This is a Good Book Thursday, August 15, 2019

I’m reading Healthy Pasta and watching Leverage episodes to get back into team mode for Nita.  And also because I wanted to watch Leverage.  The writing in that show is so, so good.  Healthy Pasta isn’t quite as riveting but did inspire me to order odd pasta shapes from Amazon.  

So what inspiring reading did you do this week?

75 thoughts on “This is a Good Book Thursday, August 15, 2019

  1. Based on recommendations here, I read Minor Mage by T. Kingfisher. As promised, it was great.

    Then I moved on to The Books of the Raksura by Martha Wells. It is about a shape shifter whose family was killed when he was young, so he learned to live among people. As an adult, he is found by an elder of his race and travels to a community of other Raksura. I’m enjoying it, but I’m having a very tough week otherwise, so I haven’t really been able to really become immersed. I think it is me though, not the book.

    I’m also listening to Circling the Sun by Paula McClain. It is historical fiction about Beryl Markham – a contemporary of the people from Out of Africa – and the first woman to fly across the Atlantic from east to west. It is fascinating and the reader is excellent.

    1. I love the Raksura books, but I also have a big caveat, which is because I am cliffhanger intolerant – if you decide to read the last two, make sure you can get the fifth ASAP after finishing the fourth.

    2. I love the Raksura books, especially as Moon naturally fits into a niche that a lot of female heroines occupy (he is the scrappy hero who is self-sufficient and not like the other members of his gender).

      I love him slowly beginning to trust his new colony and them adapting to him.

    1. My sister is watching it for the first time, and emailing her very enthusiastic reactions.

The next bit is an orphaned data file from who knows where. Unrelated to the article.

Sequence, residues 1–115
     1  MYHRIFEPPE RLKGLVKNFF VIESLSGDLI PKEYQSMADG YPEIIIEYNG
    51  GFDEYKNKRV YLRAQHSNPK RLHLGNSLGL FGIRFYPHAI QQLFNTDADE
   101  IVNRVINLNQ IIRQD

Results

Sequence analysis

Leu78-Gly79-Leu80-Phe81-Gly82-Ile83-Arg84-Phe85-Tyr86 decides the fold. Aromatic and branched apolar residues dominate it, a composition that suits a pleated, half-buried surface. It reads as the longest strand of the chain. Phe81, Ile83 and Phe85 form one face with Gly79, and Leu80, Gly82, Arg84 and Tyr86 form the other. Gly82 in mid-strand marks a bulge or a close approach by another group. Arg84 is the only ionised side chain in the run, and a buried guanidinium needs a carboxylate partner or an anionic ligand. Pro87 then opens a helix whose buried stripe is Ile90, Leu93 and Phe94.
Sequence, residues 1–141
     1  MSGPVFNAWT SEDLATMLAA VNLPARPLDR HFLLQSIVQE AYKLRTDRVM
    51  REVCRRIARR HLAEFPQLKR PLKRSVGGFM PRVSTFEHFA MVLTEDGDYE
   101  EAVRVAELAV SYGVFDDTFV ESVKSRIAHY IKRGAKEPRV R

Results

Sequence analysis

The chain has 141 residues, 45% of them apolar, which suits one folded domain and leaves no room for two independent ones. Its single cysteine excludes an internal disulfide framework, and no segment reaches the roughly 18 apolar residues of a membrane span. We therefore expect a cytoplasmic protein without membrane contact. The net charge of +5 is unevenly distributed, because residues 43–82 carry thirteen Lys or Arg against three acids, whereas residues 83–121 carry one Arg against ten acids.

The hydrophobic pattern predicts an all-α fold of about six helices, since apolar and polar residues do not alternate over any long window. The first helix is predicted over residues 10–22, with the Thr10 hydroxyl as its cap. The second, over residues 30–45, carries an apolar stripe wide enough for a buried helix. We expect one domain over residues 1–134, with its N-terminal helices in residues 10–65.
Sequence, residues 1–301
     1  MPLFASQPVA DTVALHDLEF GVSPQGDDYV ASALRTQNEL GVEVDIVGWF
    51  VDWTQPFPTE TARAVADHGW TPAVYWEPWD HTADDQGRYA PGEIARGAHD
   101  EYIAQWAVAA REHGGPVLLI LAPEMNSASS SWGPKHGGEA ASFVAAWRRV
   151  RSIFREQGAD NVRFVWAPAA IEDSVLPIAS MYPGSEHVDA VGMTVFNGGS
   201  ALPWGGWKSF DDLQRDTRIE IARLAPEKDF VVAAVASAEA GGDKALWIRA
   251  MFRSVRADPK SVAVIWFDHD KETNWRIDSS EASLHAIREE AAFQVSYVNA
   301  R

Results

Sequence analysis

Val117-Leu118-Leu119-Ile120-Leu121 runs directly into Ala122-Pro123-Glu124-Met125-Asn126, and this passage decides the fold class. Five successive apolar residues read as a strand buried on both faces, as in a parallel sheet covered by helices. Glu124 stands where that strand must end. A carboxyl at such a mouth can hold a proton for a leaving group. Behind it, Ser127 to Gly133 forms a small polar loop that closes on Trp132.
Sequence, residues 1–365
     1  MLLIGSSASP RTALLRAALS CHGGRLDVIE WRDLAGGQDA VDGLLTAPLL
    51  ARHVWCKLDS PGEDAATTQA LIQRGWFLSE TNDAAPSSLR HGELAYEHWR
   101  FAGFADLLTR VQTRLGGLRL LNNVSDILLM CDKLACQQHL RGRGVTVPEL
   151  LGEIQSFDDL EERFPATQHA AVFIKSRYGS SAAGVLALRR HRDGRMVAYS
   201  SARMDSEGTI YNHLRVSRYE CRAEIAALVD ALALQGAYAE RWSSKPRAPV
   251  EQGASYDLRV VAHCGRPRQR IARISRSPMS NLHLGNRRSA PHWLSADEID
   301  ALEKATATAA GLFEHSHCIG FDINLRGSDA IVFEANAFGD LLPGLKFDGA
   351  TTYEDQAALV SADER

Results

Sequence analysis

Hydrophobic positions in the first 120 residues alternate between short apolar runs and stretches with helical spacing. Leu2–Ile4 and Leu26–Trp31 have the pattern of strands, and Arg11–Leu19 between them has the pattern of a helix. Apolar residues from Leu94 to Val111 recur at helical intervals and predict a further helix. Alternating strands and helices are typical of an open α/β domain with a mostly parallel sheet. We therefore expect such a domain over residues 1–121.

Especially satisfying because I also just watched a video extensively detailing how badly Game of Thrones screwed up their character writing. Lots of arteestic critic types say they prefer fiction that fails with ambition, but I think Leverage proves them wrong. A smaller piece that just nails the basics has more legs than a piece whose disastrous ending ruins everything that came before. Give me a story that delights with every scene, instead of hoping that a big climax will make up for no delight in the rest of it.

      I’m thinking of posting Leverage commentary track highlights on my blog. One highlight per episode, just to incentivize people getting the DVDs.

  2. I was in Hendersonville NC yesterday and felt like going to a movie so I checked what was playing and there was a screening of Big Trouble in Little China! I have always wanted to see it because the characters in Dogs and Goddesses loved it and the movies the characters like in the books are always my favorites. It was great fun and I loved getting to see it on the big screen. I don’t think it would translate as well to the small screen.

    1. I watch it every time it comes on TV. It’s one of my favorites. The biggest thing is that the main character isn’t really the hero – he’s more of a sidekick. And Kurt Russell doing his John Wayne impression is always fun to watch.

      1. And the dialogue. “Son of a bitch must pay,” is a fave, but the one we used most often was, “Sorry, just thrilled to be alive!” And then there’s “I’m feeling kind of invincible” and “You’re doing something seriously wrong here.”

    2. There is an actress in that movie that is the spitting image of my grandma. I mean her twin!! I keep wondering how footage of her got in that flick!

  3. I raced through G. Willow Wilson’s The Bird King. A magical cartographer, djinns, and a woman who comes to value herself and learn to stand on her own. It had everything but a romance.

  4. I’ve started the Dark Lord of Derkholme by Diana Wynne Jones. It’s very fun, and I look forward to reading it every night. I may need to put it in the re-read pile when I’m done. Thanks for the rec!

    Meanwhile, as part of my job, I often work with series titles. There are some titles that intrigue me, while others make me wonder what the author (or publisher) was thinking. In the latter category, the series is called “Hot and Hammered”. That just doesn’t sound like it will be my kind of romance.